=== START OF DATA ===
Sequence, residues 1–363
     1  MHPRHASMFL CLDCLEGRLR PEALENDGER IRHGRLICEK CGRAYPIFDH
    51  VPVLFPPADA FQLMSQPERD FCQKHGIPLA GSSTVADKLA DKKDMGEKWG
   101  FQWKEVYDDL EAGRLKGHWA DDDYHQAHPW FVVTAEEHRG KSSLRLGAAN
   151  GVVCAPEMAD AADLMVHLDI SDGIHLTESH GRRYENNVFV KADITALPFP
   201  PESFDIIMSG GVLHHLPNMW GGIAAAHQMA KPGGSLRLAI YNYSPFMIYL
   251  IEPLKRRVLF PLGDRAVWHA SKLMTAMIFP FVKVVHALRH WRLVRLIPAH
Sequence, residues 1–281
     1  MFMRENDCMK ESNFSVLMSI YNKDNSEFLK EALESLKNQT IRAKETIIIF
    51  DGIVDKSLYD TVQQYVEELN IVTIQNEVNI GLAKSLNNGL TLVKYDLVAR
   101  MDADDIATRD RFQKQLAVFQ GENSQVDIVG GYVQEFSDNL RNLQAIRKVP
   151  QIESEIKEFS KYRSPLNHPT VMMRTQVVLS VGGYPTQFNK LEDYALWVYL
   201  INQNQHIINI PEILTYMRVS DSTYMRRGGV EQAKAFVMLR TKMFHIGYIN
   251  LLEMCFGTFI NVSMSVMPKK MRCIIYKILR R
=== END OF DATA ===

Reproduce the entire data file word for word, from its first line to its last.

Sequence, residues 1–363
     1  MHPRHASMFL CLDCLEGRLR PEALENDGER IRHGRLICEK CGRAYPIFDH
    51  VPVLFPPADA FQLMSQPERD FCQKHGIPLA GSSTVADKLA DKKDMGEKWG
   101  FQWKEVYDDL EAGRLKGHWA DDDYHQAHPW FVVTAEEHRG KSSLRLGAAN
   151  GVVCAPEMAD AADLMVHLDI SDGIHLTESH GRRYENNVFV KADITALPFP
   201  PESFDIIMSG GVLHHLPNMW GGIAAAHQMA KPGGSLRLAI YNYSPFMIYL
   251  IEPLKRRVLF PLGDRAVWHA SKLMTAMIFP FVKVVHALRH WRLVRLIPAH
Sequence, residues 1–281
     1  MFMRENDCMK ESNFSVLMSI YNKDNSEFLK EALESLKNQT IRAKETIIIF
    51  DGIVDKSLYD TVQQYVEELN IVTIQNEVNI GLAKSLNNGL TLVKYDLVAR
   101  MDADDIATRD RFQKQLAVFQ GENSQVDIVG GYVQEFSDNL RNLQAIRKVP
   151  QIESEIKEFS KYRSPLNHPT VMMRTQVVLS VGGYPTQFNK LEDYALWVYL
   201  INQNQHIINI PEILTYMRVS DSTYMRRGGV EQAKAFVMLR TKMFHIGYIN
   251  LLEMCFGTFI NVSMSVMPKK MRCIIYKILR R